This summer: holding a galley of my book in my hands, pass pages, seeing more old friends (fingers crossed), finishing my proposals (again) and letting them go enough to send them onward to my agent, a booked two months of freelance projects (so, so happy about this), and PITCH WARS (and all the better: I’m co-mentoring with one of my dearest friends, Rachel Griffin)!
But, god damn, I miss my young sister fiercely. The last time I saw her there was snow on the ground in Utah. The next time I’ll see her there will be snow again on the ground in Utah. Why is Australia so far?
Spring is my least favorite season unless it’s followed by a particularly lethally hot summer. The week after Daylight Savings, mid-March, insomnia hits without fail. I always forget this trend but, the past two years, Facebook has reminded me. Day four of no sleep and TimeHop pings me with a post from that same day in 2007: “Sleep deprivation will kill me.” This past March, with its lengthening days and breaks in the rain, had me aching for early February, for the season’s last snow, for the dim mornings and afternoons.
Spring has never been kind to me but, then again, this spring has been all right. I think the rain helps. The news says this has been the coldest, wettest winter on record in Seattle and the cloud cover has pushed deep into April. It’s a relief. It’s a dream. Why am I so lucky that with every place I live it’s hard to fathom that it’s my home because of its beauty? That I live here. Here. I’ve been lucky with everywhere, this silly blog is a testament to that. I’ve been so spoiled.
I live in a place where five minutes on foot leads me to a forest. And in that forest are tree houses, and huts made of twigs and branches and logs so that I can crawl over rivers, and platforms in the highest trees. It took me three months to find these forest gem. Three months to see past the mossy evergreens and rain and hail and all the lush green.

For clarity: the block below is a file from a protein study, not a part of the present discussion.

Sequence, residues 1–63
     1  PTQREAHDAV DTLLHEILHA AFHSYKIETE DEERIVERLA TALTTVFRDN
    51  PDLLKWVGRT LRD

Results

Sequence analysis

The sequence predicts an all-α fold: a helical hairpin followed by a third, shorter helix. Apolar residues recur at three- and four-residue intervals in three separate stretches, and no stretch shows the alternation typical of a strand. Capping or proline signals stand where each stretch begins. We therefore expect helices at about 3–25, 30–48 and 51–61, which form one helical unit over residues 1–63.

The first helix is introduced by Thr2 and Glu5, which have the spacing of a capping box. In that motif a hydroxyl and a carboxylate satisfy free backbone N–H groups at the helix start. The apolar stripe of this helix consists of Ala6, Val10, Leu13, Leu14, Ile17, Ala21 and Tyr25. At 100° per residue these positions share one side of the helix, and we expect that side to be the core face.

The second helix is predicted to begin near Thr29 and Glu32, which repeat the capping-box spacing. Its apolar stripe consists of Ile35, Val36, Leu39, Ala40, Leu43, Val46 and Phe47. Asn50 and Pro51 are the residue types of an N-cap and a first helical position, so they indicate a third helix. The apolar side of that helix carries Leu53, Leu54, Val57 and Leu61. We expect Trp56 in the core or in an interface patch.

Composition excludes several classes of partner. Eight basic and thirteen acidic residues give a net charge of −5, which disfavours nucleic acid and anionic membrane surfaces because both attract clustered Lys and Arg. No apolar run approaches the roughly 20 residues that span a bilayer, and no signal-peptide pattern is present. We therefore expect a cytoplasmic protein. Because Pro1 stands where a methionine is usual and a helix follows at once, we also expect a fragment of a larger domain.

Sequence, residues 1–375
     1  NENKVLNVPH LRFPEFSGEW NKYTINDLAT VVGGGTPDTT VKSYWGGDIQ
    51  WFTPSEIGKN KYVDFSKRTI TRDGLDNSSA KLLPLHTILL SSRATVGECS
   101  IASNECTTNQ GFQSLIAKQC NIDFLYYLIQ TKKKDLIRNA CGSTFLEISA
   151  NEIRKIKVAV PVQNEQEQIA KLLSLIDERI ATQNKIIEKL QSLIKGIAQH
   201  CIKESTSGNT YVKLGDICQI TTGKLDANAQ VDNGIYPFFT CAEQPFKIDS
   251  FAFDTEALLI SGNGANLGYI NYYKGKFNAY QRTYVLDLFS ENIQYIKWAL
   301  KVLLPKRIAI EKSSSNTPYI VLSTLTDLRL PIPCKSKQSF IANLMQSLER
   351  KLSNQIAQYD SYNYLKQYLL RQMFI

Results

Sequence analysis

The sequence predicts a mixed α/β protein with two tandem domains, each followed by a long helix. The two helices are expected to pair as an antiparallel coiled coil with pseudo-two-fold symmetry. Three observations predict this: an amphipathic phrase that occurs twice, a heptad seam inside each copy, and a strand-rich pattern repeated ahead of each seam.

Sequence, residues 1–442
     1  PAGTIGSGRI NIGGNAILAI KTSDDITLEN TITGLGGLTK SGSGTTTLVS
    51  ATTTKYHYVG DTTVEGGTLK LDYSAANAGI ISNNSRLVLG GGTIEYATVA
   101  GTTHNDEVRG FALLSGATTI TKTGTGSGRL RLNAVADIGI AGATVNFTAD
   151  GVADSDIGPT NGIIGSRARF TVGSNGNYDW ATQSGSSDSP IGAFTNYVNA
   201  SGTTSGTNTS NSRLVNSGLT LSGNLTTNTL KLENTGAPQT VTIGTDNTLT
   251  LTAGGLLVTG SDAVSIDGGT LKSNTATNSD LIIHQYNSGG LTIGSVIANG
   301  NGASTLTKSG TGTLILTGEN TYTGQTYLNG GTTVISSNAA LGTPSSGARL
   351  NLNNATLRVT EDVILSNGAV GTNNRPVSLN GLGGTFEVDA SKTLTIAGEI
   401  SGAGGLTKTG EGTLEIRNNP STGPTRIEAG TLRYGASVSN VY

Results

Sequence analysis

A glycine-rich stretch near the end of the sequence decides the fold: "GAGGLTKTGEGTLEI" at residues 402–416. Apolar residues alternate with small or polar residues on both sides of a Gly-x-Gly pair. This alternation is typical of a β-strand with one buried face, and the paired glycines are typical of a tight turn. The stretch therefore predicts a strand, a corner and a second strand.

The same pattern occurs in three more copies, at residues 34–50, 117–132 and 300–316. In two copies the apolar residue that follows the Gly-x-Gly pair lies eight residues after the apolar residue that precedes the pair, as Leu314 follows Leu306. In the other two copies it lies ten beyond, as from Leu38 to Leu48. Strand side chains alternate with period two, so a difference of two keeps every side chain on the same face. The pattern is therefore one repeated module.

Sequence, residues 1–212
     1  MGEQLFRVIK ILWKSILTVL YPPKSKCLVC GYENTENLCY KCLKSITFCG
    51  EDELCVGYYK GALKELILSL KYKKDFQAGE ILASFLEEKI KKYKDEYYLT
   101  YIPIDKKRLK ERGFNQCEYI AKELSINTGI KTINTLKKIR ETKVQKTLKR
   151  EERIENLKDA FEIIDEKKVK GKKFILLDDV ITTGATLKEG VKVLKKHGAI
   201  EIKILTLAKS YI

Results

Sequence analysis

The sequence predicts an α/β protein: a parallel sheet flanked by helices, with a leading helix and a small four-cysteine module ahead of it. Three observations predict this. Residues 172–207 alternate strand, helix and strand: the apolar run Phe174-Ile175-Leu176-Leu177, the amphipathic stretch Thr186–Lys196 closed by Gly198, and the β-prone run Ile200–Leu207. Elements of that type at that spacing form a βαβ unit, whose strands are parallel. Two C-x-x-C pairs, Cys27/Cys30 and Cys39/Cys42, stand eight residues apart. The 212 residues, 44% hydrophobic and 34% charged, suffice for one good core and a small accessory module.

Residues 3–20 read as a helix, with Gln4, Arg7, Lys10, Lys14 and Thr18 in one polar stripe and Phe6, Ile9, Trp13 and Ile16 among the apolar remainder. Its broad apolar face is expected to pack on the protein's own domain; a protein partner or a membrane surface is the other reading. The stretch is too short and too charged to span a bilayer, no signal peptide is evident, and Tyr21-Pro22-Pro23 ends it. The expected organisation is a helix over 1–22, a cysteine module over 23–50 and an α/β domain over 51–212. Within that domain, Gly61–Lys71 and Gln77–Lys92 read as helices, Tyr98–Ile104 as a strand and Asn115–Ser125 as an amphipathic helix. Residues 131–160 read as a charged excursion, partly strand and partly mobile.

I live three hours from Forks, WA. Fourteen-year-old me would be so amused. And, now, naturally, whenever I have visitors a trip up the peninsula is essential. Less for Forks and more for the Hoh Rainforest, for La Push, and Ruby Beach. I’m admittedly going through something of a fangirl resurgence–triggered surely from a personal event that I can’t go into, triggered inevitably from my basically living on the border of the Olympic National Peninsula, triggered probably from meeting new friends who are loud and unashamed in their past fangirl ways. It’s refreshing. And it feels good to embrace nostalgia, to laugh at the passion of younger me but also seriously acknowledge the impact that events and friendships in conjecture to Twilight had on me. I’d be a fool not to be grateful.
The best of news: I’m moving my dog up from California to live with me in June. A three-day drive with my baby. Living with my beloved. I’ll believe it when she’s here, or maybe when we’re on the road, but oh my heart. It’s been a hard few months in terms of health and pain levels, so I’m holding onto this truth with the tightest grip: my dog with me always.